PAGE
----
Texas Grid Operator Makes Progress in Restoring Power

Hundreds of thousands of Texans have power again, but a second winter storm continues to stress the grid.

Snow is seen in rural Marfa, Texas, on Thursday. A second winter storm brought fresh rounds of snow to parts of Texas, as temperatures remained below freezing across much of the state. (Courthouse News photo/Travis Bubenik)

(CN) — Texas electric grid managers say they’ve made “significant progress” restoring power to hundreds of thousands of people who were left in the dark after a brutal winter storm brought the state’s grid to the edge of collapse.

Bill Magness, CEO of the Electric Reliability Council of Texas, told reporters Thursday morning that the state grid operator had given utilities the go-ahead to bring power back to everyone who initially lost it during a first wave of rolling blackouts early Monday morning.

“There are still customers who are not yet restored,” he said. “That progress isn’t complete.”

More than 500,000 electric customers still did not have power as of Thursday morning, according to Poweroutage.US, a website that tracks outages nationwide, but that was a notable improvement from the at least 2.7 million who were in the dark just yesterday.

The state’s various utility providers said crews worked overnight to carry out the actual work of getting electricity flowing back into homes.

Grid managers said most of the continued power outages across the state are due to actual damage from ice on powerlines and poles, large industrial facilities that “voluntarily” shut down during the crisis, or areas that faced emergency outages where crews still have to manually “reenergize” power lines.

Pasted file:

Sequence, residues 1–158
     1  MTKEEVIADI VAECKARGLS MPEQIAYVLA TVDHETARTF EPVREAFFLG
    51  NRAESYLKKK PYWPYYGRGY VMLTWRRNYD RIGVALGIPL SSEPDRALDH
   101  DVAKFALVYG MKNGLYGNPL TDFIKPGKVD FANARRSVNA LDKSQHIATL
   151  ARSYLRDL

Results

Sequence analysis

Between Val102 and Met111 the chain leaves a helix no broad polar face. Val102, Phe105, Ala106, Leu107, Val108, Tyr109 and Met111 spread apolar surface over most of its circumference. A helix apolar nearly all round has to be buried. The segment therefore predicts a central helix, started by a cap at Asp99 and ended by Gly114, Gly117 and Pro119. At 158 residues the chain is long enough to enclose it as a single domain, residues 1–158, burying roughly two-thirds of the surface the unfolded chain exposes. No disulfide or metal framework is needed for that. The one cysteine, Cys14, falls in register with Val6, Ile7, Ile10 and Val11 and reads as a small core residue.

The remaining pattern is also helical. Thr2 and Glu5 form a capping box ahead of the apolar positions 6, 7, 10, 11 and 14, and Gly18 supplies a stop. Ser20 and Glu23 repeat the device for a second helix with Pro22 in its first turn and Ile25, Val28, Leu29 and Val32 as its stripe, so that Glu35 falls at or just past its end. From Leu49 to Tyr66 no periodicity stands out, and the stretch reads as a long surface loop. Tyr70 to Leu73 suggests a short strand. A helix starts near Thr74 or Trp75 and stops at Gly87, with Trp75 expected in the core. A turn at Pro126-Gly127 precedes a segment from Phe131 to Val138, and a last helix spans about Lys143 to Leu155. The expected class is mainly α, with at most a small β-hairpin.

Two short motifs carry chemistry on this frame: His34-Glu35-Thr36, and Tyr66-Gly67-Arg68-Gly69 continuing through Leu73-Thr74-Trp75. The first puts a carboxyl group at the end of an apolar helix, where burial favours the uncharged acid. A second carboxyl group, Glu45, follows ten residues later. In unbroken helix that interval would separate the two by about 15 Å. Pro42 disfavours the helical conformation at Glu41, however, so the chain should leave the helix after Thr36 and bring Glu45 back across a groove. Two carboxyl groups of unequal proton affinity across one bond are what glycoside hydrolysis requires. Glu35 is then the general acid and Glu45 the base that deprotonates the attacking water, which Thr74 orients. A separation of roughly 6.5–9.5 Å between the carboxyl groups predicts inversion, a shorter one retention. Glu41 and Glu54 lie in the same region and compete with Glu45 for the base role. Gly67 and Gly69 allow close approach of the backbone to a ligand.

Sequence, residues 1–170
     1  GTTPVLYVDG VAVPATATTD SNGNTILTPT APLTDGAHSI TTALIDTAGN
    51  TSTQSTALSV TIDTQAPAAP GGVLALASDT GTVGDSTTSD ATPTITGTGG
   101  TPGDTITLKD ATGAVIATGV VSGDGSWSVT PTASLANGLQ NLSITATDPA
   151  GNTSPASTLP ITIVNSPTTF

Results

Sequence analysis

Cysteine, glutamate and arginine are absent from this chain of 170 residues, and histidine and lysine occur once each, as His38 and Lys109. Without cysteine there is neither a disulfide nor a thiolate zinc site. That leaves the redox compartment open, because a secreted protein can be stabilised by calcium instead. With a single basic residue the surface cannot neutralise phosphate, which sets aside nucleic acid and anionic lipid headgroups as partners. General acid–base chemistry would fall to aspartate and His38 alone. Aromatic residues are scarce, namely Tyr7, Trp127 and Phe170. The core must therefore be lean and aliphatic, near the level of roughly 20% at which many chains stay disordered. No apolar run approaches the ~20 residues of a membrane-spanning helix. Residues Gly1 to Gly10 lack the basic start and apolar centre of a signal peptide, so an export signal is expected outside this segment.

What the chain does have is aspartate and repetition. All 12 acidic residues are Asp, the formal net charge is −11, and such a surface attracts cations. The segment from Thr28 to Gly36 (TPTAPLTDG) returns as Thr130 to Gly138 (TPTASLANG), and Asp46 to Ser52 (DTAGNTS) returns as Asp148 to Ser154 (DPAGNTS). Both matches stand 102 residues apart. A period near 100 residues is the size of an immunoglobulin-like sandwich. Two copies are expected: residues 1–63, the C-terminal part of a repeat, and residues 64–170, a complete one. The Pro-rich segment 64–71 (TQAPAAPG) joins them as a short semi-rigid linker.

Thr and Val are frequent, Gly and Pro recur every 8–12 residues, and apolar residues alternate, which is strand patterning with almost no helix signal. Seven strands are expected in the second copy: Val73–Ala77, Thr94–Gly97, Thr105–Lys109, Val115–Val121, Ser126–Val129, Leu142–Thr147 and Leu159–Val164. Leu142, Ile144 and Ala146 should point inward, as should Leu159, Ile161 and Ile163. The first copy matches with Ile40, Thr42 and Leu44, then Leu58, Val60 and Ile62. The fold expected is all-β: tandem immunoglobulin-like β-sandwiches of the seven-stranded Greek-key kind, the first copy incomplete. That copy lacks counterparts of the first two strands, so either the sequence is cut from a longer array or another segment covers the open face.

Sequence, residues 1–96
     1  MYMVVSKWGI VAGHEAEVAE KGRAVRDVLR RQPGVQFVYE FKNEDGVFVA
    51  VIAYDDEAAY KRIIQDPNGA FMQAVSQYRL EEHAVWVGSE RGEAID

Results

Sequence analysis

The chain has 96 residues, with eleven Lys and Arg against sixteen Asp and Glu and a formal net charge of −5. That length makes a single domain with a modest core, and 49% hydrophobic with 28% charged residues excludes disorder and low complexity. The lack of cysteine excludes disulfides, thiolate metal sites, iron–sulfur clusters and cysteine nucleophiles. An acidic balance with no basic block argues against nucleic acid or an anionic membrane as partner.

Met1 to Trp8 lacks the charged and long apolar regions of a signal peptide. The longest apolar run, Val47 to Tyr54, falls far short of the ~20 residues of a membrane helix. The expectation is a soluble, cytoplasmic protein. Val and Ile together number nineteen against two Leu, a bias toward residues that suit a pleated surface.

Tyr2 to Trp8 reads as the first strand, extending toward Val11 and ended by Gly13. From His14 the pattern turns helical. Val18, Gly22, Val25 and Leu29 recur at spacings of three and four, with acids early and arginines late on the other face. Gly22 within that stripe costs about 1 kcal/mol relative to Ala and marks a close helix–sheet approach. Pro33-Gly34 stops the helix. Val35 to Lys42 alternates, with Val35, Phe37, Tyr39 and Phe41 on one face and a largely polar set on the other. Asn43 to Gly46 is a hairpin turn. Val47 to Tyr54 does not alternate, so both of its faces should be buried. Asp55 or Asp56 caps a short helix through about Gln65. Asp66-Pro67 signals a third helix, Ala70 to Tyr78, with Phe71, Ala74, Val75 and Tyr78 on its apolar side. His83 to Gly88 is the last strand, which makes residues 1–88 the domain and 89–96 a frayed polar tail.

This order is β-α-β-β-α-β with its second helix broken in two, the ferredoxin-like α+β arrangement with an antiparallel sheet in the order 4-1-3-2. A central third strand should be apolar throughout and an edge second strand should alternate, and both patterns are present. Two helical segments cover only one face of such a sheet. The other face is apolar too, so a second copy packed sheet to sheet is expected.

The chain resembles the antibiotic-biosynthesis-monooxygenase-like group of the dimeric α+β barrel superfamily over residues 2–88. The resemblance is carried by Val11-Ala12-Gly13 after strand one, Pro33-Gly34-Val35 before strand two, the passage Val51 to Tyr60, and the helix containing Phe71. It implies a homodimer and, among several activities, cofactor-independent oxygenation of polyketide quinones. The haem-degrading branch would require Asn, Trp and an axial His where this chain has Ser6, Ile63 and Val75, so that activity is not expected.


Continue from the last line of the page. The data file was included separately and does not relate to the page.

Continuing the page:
Snow is seen in rural Marfa, Texas, on Thursday. (Courthouse News photo/Travis Bubenik)

“We’re not ready to say we’re finished with this event,” Magness said, warning that continued freezing temperatures and new rounds of snow and ice in parts of Texas would continue to stress the grid.

Meanwhile, new problems are surfacing across the state, as nearly 7 million people are being told to boil their water because of infrastructure damage from the storm. Water shortages led to one hospital in Austin transferring patients or sending them home, according to public radio station KUT.

ERCOT continues to face pressure from residents, lawmakers and state leaders over its handling of controlled blackouts that were launched early Monday morning as temperatures across the state dropped into the single digits. The blackouts were supposed to last for short periods of time to ease the strain on the grid, but they instead dragged on for hours and days for many people.

On Wednesday, a group of House Republicans from Texas sent a letter to Magness demanding answers on the grid operator’s plans leading up to the storm and the “likelihood of similar weather events” impacting the grid in the future.

Meanwhile, Republican Senator Ted Cruz of Texas is facing his own criticism for reportedly traveling to Cancun, Mexico, in the midst of the crisis.

Since the start of the blackouts, grid managers have stressed that if they had not taken action to purposefully shut off power for millions across the state, the grid’s balance of supply and demand could have spiraled out of control and sparked much more widespread, “catastrophic” blackouts.

Magness, the ERCOT CEO, was asked Thursday how close the grid came to that nightmare scenario early Monday morning.

“I think, if we hadn’t taken action, it wouldn’t have been that we would’ve waited a few days and saw what happened,” he said. “It was seconds and minutes.”

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